How E-commerce Affects B2B Purchasing Decisions

Similar to consumers, manufacturers are making more purchasing decisions online.

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In a competitive manufacturing landscape, differentiation among suppliers isn’t easily accomplished. However, offering digital commerce solutions for buyers can help manufacturers stand apart. In fact, according to a recent study of procurement officers from consultant firm Avionos, 83 percent of B2B buyers will spend more to purchase from suppliers that offer robust e-commerce experiences.

Similar to consumers, manufacturers are making purchasing decisions online, exploring self-service options and looking for rich, reliable product content to find the products that will best suit their organizations. While the way buyers are making purchase decisions is changing (89 percent of B2B buyers say they make more purchases online today compared to just one year ago), the obligation to be easy to do business with has not.

“What’s not new at all, especially in B2B, is that being easy to do business with has always been critical,” says Scott Webb, president of Avionos. “Because these are not purchases of convenience; these are really purchases of necessity.”

What has changed and what has driven further digital adoption, however, is how buyers define being easy to do business with. Historically, Webb says, it was defined by questions such as: How readily available is your sales person when I make a call? How quickly can I get customer service support? How easily understandable is your catalog and the information you’re giving to me?

“Now, partly because the demographics of the buyer have changed—but also because of the trends we see every day—being easy to do business with is defined by: How can the buyer self-service, and what digital tools are you providing to allow the buyer to do their own research, find rich product content, and get order status information and make changes?’” Webb says.  

“It’s not a revolution in the sense that people have fundamentally changed what they’re doing; it’s really an evolution in the sense that the way we evaluate those old criteria have changed,” he adds.  

According to Avionos’ research, more than half of buyers (54 percent) feel more confident in their online purchases if the supplier offers detailed product content. However, 43 percent of B2B customers cite a lack of accurate product content as their biggest pain point in the online buying experience.

“The challenge [for suppliers] is creating that rich content you never had before. But if you do that right, you’re creating a much more engaged relationship with your customer, and that has much more benefit long term than the cost of the transaction,” Webb says.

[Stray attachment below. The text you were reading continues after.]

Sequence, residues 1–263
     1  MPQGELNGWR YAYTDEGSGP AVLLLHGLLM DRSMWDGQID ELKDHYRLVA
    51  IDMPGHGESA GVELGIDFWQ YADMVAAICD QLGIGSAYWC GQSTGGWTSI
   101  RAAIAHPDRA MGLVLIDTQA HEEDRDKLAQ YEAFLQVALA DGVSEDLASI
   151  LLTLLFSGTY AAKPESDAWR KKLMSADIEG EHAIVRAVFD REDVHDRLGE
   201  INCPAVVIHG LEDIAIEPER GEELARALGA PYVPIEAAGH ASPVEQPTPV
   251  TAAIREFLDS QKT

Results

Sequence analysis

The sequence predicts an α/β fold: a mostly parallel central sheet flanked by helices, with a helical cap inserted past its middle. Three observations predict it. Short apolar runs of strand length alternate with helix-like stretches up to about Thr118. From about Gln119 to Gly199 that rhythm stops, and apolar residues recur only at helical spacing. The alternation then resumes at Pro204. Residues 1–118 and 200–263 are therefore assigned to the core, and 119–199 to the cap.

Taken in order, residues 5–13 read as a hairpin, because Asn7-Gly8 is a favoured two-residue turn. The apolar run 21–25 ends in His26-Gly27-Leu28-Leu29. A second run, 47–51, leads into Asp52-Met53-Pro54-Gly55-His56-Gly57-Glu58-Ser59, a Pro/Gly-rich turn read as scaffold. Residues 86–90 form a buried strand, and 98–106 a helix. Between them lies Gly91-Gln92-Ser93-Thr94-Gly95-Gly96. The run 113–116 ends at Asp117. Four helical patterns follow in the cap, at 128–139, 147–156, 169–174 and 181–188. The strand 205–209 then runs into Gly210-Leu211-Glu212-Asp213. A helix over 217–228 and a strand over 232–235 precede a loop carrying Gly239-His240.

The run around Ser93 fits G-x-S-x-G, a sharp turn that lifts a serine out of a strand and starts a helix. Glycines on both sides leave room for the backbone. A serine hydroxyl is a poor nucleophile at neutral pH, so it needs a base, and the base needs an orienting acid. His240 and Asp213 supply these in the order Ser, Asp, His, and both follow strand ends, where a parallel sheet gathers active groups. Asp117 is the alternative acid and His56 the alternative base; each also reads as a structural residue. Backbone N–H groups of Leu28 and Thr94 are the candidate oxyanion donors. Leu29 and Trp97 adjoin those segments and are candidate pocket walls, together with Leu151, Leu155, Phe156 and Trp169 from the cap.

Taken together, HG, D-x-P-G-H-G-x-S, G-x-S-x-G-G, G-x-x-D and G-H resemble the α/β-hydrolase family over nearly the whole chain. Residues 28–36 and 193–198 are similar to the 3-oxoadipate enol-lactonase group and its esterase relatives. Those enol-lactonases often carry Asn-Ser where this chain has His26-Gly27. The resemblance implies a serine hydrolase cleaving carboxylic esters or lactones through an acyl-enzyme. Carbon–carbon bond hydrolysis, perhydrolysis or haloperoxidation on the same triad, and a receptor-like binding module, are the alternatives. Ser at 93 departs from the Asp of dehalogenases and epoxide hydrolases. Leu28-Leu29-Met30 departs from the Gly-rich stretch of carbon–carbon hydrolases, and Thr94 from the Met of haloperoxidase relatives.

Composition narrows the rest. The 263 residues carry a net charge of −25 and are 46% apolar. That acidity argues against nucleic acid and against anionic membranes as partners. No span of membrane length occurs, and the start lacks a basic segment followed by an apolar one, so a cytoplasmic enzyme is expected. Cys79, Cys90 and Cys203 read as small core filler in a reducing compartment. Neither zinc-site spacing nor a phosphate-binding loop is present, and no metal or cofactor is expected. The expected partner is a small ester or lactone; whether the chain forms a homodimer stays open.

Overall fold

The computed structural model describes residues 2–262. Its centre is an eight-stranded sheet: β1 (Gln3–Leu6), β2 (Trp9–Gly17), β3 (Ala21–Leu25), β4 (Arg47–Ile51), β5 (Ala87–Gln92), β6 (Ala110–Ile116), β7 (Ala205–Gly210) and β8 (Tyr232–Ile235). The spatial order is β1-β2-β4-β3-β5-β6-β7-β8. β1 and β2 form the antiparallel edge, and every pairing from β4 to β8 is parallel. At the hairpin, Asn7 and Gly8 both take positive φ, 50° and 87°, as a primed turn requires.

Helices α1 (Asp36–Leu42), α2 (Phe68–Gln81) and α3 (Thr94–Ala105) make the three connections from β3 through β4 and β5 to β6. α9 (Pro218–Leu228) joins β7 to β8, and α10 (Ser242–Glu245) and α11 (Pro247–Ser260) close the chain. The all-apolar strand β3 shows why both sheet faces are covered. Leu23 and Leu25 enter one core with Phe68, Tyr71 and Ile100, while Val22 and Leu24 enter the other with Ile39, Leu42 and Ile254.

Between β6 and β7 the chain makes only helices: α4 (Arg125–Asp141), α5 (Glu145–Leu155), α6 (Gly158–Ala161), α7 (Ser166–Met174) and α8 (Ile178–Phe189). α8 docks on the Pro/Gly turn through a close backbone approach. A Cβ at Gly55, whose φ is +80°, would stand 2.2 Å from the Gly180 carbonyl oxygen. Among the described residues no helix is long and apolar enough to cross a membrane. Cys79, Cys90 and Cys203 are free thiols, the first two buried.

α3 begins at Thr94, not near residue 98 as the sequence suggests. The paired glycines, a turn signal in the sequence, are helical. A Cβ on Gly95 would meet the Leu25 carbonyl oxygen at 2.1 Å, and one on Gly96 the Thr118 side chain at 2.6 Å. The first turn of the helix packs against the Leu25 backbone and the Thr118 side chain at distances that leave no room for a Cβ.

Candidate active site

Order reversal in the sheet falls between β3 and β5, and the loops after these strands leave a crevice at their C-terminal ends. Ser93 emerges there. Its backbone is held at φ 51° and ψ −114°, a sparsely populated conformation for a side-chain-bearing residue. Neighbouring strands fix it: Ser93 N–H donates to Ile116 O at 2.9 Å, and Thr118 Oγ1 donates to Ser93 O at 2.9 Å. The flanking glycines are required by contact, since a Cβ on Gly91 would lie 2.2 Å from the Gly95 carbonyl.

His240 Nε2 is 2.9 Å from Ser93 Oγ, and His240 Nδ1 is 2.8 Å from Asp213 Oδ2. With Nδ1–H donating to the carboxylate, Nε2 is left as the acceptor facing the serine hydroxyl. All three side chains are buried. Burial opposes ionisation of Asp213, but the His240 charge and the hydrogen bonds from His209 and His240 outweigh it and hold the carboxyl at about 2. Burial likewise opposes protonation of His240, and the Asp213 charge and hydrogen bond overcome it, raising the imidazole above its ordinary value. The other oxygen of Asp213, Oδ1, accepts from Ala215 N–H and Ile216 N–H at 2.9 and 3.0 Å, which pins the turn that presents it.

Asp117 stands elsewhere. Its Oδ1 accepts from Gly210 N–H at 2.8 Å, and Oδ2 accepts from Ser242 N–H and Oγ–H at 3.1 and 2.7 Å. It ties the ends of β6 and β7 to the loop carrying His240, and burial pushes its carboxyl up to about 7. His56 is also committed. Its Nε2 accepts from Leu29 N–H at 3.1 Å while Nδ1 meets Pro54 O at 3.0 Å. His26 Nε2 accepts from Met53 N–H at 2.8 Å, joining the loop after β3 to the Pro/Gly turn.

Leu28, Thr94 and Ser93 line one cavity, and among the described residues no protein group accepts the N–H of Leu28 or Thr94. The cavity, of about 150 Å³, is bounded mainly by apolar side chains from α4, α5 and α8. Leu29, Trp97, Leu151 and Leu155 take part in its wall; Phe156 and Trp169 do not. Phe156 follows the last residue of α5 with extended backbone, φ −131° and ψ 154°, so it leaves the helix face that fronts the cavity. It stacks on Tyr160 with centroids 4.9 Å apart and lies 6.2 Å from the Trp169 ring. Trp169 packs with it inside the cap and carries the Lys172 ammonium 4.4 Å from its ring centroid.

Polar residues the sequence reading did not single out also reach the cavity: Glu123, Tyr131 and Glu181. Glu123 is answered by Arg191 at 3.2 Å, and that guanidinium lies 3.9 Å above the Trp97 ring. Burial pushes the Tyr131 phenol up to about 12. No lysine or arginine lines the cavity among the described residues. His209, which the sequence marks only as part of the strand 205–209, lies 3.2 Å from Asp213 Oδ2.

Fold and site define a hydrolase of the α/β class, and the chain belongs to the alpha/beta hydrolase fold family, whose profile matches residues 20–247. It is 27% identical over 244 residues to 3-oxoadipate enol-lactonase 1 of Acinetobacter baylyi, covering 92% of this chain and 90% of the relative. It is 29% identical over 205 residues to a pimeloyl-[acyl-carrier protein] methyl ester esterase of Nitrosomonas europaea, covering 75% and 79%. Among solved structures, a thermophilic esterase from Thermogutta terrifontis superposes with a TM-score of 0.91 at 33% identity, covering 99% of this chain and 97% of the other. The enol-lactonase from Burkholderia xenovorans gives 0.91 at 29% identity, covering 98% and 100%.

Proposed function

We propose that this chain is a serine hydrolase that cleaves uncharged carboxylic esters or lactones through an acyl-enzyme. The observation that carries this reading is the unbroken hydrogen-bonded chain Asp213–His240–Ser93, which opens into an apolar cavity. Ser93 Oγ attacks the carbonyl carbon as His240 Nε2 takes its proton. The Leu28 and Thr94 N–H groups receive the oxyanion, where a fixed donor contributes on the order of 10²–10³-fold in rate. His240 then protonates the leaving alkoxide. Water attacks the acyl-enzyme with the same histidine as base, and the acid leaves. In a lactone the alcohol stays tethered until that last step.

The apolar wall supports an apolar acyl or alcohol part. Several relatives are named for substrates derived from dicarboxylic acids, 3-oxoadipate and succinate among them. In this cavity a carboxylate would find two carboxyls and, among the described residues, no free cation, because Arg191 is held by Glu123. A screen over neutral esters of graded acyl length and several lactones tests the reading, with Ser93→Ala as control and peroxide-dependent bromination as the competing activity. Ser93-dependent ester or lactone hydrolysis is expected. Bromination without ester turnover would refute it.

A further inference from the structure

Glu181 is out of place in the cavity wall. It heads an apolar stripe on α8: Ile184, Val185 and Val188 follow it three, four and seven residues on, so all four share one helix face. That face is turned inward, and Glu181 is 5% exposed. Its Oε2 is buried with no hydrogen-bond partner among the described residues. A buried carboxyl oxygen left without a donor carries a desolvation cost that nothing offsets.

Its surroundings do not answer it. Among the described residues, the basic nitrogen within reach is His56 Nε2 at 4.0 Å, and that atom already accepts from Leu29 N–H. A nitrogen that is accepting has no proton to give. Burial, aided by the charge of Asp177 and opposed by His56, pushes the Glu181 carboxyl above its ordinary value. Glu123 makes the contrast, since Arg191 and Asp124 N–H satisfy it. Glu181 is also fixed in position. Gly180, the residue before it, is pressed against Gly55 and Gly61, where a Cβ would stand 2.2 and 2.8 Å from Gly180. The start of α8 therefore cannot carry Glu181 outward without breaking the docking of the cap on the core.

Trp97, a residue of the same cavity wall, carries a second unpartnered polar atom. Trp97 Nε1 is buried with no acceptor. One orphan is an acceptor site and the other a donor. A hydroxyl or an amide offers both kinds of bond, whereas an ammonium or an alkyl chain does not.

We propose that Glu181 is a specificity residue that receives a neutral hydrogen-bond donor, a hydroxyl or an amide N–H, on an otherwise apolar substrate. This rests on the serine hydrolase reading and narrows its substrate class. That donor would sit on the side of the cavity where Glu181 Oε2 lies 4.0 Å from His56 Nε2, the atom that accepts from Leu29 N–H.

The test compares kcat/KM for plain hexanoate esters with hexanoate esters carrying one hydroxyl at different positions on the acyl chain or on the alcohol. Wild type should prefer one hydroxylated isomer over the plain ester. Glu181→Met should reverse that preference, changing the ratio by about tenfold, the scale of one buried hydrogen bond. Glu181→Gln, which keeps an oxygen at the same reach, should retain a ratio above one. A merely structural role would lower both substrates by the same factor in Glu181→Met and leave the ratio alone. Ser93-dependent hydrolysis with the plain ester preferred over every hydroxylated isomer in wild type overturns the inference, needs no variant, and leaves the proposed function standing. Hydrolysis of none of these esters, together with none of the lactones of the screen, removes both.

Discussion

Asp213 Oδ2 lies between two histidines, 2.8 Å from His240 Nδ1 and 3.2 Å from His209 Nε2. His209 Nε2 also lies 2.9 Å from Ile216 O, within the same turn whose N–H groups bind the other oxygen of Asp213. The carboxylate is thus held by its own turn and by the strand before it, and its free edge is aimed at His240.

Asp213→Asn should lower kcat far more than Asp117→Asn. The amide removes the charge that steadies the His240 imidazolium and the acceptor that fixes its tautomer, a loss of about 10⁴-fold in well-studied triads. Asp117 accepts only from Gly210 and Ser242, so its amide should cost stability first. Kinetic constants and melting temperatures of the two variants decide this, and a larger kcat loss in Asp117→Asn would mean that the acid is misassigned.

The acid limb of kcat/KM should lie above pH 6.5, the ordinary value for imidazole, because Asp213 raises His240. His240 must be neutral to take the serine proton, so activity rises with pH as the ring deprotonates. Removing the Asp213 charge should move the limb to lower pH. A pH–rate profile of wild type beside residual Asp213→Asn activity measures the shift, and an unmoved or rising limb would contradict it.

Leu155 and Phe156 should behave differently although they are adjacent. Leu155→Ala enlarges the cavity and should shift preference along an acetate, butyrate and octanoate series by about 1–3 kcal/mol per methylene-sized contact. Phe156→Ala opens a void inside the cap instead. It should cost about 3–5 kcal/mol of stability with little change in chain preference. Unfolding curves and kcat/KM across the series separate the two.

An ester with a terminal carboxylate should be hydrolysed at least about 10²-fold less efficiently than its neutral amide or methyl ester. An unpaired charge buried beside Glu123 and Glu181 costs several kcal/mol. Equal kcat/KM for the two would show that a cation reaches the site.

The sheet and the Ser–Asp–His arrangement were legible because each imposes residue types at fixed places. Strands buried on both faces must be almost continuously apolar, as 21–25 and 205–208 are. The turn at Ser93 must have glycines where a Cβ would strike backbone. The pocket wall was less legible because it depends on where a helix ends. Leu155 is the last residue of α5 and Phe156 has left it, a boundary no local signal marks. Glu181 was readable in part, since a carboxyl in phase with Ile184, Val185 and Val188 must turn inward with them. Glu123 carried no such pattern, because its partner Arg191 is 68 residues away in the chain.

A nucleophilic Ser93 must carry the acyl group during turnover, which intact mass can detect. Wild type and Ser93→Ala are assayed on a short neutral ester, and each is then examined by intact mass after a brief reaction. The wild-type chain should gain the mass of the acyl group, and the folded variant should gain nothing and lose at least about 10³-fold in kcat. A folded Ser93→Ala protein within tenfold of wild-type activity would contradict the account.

Creating a wide-range of product content, detail and pricing information specific to the buyer, which allows them to self-serve, is not only good for the bottom line, but is also of added value to how a supplier operates its own business.  

“The value to the manufacturer is lowering the cost to serve by providing more self-service capabilities and enabling the salesperson to drive a much larger patch of customers. If we lower that cost to serve, we can serve a much wider range of customers’ profitability,” notes Webb. “More customers with the same amount of staff is a massive benefit. It’s really about increasing the breadth and the range and the width of the team we have.”

While manufacturers are still working to achieve robust e-commerce buying tools, Amazon and Google have already perfected many aspects of the process. Avionos’ survey found that 78 percent of buyers begin their product discovery on Amazon or Google, while only 15 percent start with a supplier’s website. But, Webb says where suppliers still have an edge is in relationship content. For example, what rights do I as a purchaser have from your catalog? What pre-arranged contract-based pricing do I have?

“Suppliers still win when it comes to product availability, pricing and contractual commitments,” Webb says, adding that suppliers, however, should not rely solely on contractual obligations to maintain buyers.

“During the life of that contract you must enrich the required information (pricing and availability), he says. “That’s what’s going to create the lock in—that engaging relationship you’re going to see value in over time."

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